Enviro group seeks to reopen NRC case on TVA’s Watts Bar 2

The Southern Alliance for Clean Energy (SACE) has petitioned the Nuclear Regulatory Commission (NRC) to reopen a case involving the operating license for the Tennessee Valley Authority‘s (TVA) Watts Bar 2 nuclear unit.

TVA is in the process of completing the never-finished Watts Bar 2 project. It hopes to load fuel and commence commercial operation of the roughly 1,100-MW pressurized water reactor (PWR) by the end of the year. After letting the unfinished reactor sit for years, TVA decided in 2007 to complete the unit.

The NRC’s Atomic Safety and Licensing Board (ASLB) had earlier denied SACE’s motion to reopen the record of the operating license proceeding for Watts Bar 2.

SACE seeks reopening of the record to admit a contention that seeks NRC staff review, in this operating license proceeding, of post-Fukushima safety issues. The NRC staff “has relegated [the issue] to a separate post-licensing proceeding. The Commission should review LBP-15-14 because it raises important issues of law and policy,” SACE said in its May 18 filing.

After the Fukushima earthquake and nuclear reactor disaster of 2011, the NRC’s Near- Term Task Force issued a report with a set of 12 recommendations, including instructing plants “to reevaluate the seismic and flooding hazards at their sites against current NRC requirements and guidance, and, if necessary, update the design basis and SSCs [structures, systems and components] important to safety to protect against the updated hazards,” SACE said.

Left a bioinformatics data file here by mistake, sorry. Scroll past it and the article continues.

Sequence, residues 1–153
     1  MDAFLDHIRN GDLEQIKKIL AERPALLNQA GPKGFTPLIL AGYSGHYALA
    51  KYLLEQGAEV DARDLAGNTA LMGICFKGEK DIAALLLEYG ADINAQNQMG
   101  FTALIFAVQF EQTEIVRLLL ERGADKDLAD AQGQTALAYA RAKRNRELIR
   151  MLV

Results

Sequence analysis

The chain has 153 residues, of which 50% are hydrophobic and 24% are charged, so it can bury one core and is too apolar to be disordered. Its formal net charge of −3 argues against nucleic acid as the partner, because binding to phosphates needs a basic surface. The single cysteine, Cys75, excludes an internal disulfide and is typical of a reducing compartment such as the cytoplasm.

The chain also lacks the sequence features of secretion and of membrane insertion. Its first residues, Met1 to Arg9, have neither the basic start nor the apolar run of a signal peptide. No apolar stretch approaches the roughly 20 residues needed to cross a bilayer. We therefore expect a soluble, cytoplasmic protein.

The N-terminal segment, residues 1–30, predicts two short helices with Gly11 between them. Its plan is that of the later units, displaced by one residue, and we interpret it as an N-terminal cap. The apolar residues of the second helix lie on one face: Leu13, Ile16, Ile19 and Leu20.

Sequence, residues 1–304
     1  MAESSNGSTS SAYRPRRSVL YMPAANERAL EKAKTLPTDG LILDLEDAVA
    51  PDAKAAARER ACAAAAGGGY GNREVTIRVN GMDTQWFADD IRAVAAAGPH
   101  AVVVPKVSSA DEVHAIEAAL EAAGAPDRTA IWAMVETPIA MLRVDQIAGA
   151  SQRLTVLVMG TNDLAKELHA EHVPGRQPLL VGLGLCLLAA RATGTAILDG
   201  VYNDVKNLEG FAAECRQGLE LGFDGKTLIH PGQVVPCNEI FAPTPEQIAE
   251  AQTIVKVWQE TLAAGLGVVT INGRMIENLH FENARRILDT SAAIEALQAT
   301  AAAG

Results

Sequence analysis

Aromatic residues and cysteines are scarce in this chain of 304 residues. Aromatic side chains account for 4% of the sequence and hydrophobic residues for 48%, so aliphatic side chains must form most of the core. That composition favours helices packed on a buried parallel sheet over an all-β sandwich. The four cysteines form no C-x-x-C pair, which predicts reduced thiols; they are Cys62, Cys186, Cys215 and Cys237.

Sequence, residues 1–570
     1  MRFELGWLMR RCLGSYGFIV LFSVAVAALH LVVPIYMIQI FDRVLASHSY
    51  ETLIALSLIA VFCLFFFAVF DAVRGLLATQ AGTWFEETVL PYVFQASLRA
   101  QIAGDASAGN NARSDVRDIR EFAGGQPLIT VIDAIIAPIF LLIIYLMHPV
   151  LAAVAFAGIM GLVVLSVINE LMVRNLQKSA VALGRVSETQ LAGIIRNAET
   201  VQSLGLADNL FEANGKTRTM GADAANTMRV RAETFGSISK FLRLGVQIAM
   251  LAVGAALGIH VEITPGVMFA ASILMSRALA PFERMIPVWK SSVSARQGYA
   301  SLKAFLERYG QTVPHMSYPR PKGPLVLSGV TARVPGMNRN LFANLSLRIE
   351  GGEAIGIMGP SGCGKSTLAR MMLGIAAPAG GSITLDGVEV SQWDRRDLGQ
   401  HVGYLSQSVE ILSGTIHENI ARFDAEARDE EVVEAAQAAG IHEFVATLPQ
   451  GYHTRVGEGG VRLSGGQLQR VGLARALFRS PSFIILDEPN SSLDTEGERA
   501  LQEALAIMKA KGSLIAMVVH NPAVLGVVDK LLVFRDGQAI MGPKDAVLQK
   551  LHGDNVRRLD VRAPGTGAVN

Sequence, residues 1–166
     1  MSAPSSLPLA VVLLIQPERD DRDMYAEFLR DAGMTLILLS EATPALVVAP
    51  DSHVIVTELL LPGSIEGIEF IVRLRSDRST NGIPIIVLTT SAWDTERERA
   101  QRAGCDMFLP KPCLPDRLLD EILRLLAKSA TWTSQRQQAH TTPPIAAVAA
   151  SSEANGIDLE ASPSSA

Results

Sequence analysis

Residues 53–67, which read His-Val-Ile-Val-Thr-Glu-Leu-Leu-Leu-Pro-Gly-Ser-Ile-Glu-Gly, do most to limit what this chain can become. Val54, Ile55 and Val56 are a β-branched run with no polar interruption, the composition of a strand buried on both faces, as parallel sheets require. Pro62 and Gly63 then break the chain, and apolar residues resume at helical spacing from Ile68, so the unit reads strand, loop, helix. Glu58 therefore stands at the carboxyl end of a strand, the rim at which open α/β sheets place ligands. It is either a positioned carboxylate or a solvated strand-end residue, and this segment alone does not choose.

As a result of TVA’s post-Fukushima investigations, Watts Bar 2 was identified as a reactor for which the seismic risk exceeded the design basis, SACE said.

TVA plans to submit additional information by December 2016. SACE claims that the ASLB improperly interpreted the burden of proof.

“In effect, the ASLB transformed TVA’s burden of showing that WBN2 [Watts Bar Nuclear 2] can be operated safely and the NRC Staff’s burden of confirming that it can be operated safely to a burden shouldered by SACE of showing that WBN2 cannot be operated safely,” SACE said.

“Equally important, the Staff must complete its review before WBN2 begins to operate and not some time later,” SACE went on to say.

“Finally, the ASLB’s decision is inconsistent with the Near Term Task Force recommendation that safety issues raised by post-Fukushima investigations should be resolved before the NRC makes an operating license decision for WBN2,” SACE went on to say in the petition.

The petition was filed for SACE by Washington, D.C. attorney Diane Curran.

About Wayne Barber 4201 Articles
Wayne Barber, Chief Analyst for the GenerationHub, has been covering power generation, energy and natural resources issues at national publications for more than 20 years. Prior to joining PennWell he was editor of Generation Markets Week at SNL Financial for nine years. He has also worked as a business journalist at both McGraw-Hill and Financial Times Energy. Wayne also worked as a newspaper reporter for several years. During his career has visited nuclear reactors and coal mines as well as coal and natural gas power plants. Wayne can be reached at wayneb@pennwell.com.